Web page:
Read a Guest Post From Kerry Magro, An Outstanding Advocate Living with Autism

When He Grows Up

This blog post is by Kerry Magro. Kerry, an adult living with Autism, and an advocate for the Autism community. He recently started a new video blog called “My Autism My Voice,” where he discusses a variety of Autism-related topics. If you would like to contact him directly about questions/comments related to this post he can be reached at or through his Facebook page here.

I often asked myself where I would be when I grew up. Some of the questions I asked myself were…

  • Would I go to college?
  • Would I live independently?
  • Would I have a job?
  • Would my dreams come true?

These are some of the more simple goals for adulthood that people strive to achieve but for me it was always something more. You see, when I was I was 4 I was diagnosed with autism. In my life I’ve gone through countless challenges to get to where I am today. Today, I’m a college graduate, living in an apartment with 2 of my close friends and am a hired consultant for Autism Speaks.

One of the bigger problems I see out there in the autism community today though involves when children like I once was grow up. Where do we go? What do we do? What services are there to provide and protect us? When I was growing up, I was lucky enough to have a strong and loving support system at home to help me even in my darkest hours. This is where I’m concerned for the future and which is why I strongly support the work done here by The Daniel Jordan Fiddle Foundation.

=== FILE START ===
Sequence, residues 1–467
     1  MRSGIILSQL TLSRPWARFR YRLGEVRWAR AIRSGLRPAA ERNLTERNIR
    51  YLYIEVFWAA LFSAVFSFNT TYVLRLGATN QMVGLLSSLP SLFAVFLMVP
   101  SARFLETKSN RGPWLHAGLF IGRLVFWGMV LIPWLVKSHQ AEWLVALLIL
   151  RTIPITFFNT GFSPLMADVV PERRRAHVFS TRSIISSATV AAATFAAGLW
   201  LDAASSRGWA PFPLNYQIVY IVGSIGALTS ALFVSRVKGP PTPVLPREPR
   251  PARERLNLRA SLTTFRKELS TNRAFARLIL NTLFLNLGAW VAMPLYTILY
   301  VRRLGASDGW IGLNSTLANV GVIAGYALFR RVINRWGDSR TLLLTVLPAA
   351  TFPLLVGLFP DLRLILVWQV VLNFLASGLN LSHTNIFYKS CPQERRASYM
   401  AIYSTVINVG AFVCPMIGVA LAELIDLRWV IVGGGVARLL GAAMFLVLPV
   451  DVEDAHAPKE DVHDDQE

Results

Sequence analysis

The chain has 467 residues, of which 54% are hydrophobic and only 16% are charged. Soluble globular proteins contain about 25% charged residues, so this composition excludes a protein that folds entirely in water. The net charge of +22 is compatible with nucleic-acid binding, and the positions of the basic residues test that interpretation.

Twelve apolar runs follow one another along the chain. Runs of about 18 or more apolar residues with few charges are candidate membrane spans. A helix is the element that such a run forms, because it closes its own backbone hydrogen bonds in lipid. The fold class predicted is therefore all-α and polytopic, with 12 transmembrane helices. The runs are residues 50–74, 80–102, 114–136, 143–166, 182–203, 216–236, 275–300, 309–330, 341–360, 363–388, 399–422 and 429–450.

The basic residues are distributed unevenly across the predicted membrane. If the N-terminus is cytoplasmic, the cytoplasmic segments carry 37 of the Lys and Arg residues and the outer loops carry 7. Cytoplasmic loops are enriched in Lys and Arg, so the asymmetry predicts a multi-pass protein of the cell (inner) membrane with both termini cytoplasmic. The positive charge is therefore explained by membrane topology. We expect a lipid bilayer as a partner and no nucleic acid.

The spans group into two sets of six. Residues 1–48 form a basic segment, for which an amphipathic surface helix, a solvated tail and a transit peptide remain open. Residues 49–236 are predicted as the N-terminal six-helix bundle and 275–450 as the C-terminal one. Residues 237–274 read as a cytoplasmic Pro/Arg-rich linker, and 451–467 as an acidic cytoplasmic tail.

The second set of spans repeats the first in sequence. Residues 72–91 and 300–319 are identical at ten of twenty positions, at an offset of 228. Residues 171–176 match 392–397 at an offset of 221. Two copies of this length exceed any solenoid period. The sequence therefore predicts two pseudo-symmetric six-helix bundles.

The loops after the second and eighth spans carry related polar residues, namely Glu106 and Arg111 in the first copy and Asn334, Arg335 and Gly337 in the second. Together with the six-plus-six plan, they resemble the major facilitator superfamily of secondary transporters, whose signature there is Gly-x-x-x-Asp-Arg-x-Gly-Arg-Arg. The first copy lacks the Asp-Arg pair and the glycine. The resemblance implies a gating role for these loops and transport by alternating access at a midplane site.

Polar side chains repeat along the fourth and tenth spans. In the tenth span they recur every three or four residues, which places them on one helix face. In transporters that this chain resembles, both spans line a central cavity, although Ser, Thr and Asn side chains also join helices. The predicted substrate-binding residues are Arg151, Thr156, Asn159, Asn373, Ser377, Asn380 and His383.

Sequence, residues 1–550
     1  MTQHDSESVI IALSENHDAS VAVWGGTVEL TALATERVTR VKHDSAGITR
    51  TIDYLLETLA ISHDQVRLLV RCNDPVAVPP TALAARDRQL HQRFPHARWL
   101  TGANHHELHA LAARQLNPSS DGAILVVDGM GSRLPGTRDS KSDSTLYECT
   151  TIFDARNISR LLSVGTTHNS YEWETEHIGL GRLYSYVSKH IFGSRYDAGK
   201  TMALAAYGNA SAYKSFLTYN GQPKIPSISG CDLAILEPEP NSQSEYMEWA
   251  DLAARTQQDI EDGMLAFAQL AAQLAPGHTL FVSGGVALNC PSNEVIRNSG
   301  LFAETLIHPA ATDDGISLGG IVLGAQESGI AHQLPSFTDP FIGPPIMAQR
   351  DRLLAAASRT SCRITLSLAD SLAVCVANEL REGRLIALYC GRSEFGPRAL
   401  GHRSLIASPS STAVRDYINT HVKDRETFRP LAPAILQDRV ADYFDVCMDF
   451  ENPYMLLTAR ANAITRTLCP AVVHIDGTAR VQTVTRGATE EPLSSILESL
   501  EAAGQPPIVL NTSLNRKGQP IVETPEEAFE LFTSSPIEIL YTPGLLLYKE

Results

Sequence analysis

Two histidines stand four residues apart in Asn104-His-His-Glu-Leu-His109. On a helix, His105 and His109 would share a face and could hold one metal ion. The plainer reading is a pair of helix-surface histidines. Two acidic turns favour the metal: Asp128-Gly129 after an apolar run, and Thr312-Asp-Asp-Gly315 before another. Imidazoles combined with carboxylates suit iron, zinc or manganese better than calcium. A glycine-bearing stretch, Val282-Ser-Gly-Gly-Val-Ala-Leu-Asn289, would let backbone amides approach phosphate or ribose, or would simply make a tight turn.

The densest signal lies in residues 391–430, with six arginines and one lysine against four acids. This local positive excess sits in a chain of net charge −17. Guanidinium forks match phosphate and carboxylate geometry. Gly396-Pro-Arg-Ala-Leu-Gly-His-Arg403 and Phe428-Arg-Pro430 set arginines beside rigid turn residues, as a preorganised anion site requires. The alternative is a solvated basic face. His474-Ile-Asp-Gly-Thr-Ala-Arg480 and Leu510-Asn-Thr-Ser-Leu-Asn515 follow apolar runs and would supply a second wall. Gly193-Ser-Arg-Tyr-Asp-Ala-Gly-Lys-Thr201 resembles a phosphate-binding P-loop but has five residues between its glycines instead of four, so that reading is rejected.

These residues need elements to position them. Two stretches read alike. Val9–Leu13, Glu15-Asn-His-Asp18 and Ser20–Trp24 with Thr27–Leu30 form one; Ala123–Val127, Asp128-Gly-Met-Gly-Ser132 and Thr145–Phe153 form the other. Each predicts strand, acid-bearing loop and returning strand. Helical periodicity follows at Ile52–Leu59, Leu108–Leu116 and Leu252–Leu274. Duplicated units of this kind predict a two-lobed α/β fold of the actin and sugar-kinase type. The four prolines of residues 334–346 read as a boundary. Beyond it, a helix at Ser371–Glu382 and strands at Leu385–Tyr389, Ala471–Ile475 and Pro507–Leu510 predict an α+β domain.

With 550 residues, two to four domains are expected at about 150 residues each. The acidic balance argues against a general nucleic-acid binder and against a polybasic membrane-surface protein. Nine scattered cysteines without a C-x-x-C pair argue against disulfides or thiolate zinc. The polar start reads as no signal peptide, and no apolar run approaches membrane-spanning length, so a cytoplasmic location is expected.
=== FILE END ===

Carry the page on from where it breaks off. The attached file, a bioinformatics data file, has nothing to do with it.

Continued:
Today, we have over 1.5 million people in The U.S who are living with autism. I think one of the main things we forget when we look at autism is that autism doesn’t just go away once you hit 18. It’s something that is a part of who you are for your entire life. Many autism-related organizations and resources today often focus on how to help with children, how to help with early intervention, what treatments to use, but when it comes to resources for adults I think we are still missing out.

And at what cost will this be for our loved ones? Children do become adults at some point. The transition into early care services to adult services needs to be a smooth one and we are not there yet.

So what can we do? First I truly believe we must focus on a long-term perspective of what adults need. Autism is a very wide spectrum. I often tell people, “If you know one person with autism…well…you know one person with autism.” We must look at the range of what is needed between treatments, services, housing, employment, etc. We must have a blue print of what this looks like as well which is why I’m very grateful for Daniel Jordan Foundation’s initiative focused on Blueprint Programs of what this looks like.

At the end of the day though I think our best strategy involves focusing on awareness efforts. If we look at it for example as parents saving up for college for their kids we need to start saving up on awareness efforts so once the time comes we know what’s needed and how to provide it. That’s the challenge that lies ahead for our loved ones when they grow up.

Let’s make the effort for that tomorrow, today! There is so much hope out their within our community so let’s stay focused, stay motivated, and keep making a difference! Good things lie ahead if we do it together!

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1 Comment

  1. Kerry is pictured on the left of Linda and Stephen Daly is on the right. This photo was taken at an event hosted by US Senator Robert Menendez to celebrate the passage of the Senator’s Combating Autism Act. Kerry and Stephen both spoke at the event and shared their support of the Act.



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